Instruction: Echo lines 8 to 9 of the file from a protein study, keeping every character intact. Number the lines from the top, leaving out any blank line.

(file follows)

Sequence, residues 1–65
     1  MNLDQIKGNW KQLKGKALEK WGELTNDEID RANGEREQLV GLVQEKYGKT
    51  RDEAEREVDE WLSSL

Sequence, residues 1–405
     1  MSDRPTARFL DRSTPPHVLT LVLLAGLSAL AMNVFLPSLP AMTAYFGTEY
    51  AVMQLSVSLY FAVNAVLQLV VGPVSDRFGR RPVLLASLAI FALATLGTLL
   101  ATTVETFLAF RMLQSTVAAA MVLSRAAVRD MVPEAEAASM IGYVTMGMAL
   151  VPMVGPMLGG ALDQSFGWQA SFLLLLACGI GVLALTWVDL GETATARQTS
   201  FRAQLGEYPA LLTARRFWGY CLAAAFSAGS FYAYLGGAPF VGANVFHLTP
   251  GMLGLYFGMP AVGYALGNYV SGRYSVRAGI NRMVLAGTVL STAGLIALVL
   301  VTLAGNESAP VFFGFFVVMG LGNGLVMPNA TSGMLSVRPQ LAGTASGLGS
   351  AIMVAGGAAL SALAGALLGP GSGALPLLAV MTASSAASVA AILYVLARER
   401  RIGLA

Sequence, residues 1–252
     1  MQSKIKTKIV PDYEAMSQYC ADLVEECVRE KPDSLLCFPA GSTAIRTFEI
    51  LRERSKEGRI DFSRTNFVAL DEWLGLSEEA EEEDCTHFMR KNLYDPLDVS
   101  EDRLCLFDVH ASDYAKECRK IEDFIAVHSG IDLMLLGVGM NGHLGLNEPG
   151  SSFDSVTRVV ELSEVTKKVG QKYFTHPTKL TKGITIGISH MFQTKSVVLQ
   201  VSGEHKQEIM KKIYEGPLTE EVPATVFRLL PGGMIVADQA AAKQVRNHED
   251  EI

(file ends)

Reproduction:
   151  VPMVGPMLGG ALDQSFGWQA SFLLLLACGI GVLALTWVDL GETATARQTS
   201  FRAQLGEYPA LLTARRFWGY CLAAAFSAGS FYAYLGGAPF VGANVFHLTP